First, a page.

• Step 5:  Set a sense of urgency. For instance only “X” number of people or take action within the next 24 hours.
  • Step 6:  Qualify:  If possible, look for opportunities to qualify so for instance for businesses with more than 10 employees or a certain amount of dollars in revenue.  This can help filter out people who just want free stuff from ones who can become customers.
  • Step 7:  Analyze:  Based on the response to the campaign, make sure you follow up and maximize each engagement opportunity.

Real time marketing is a viable solution for every business large and small, however depending on your audience, products and services, and desired response, you have to build the campaign accordingly.

How does your business maximize real time marketing as part of its integrated marketing strategy?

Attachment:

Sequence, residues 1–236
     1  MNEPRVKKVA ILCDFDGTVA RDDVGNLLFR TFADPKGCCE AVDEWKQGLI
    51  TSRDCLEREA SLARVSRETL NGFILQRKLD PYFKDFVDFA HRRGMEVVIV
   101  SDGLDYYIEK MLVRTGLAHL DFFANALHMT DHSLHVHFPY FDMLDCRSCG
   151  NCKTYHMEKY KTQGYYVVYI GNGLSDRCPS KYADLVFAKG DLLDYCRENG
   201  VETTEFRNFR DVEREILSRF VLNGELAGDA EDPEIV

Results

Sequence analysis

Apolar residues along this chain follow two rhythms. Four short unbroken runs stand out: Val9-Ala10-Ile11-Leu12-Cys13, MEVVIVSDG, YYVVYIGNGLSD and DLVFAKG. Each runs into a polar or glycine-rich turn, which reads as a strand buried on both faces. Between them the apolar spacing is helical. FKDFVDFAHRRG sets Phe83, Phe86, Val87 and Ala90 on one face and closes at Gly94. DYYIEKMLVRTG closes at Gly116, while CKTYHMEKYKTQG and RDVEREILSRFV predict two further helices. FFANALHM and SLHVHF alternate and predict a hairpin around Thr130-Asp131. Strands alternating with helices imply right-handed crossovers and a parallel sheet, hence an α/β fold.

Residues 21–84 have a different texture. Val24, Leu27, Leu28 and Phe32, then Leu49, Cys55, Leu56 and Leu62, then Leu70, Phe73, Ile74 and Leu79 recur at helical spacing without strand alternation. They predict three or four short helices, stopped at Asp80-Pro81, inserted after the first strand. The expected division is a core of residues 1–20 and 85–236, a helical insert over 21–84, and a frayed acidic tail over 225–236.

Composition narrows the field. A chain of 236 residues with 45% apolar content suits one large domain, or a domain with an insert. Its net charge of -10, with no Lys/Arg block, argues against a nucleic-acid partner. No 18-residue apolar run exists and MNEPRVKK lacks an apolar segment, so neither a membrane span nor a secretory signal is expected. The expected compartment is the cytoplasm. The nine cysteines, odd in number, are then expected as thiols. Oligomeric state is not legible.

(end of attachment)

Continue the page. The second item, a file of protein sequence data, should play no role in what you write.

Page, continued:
Next Post: Is Customer Service The Next Big Real Time Marketing Opportunity? 

 

This post was written as part of the IBM for Midsize Business program, which provides midsize businesses with the tools, expertise and solutions they need to become engines of a smarter planet. I’ve been compensated to contribute to this program, but the opinions expressed in this post are my own and don’t necessarily represent IBM’s positions, strategies or opinions.

Daniel Newman
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Daniel Newman

Founder and President at Broadsuite, Inc.
After 12 years of running technology companies including a CEO appointment at the age of 28, I traded the corner office for a chance to drive the discussion on how the digital economy is going to forever change the way business is done. I'm an MBA, adjunct business professor and 4x author of best-selling business books including "The Millennial CEO" and "The New Rules of Customer Engagement." Pianist, soccer fan, husband and father, not in that order. Oh and for work...I'm the co-founder of V3B [Broadsuite], a marketing firm specializing in the digital space, helping companies be found, seen and heard in a cluttered digital world.
Daniel Newman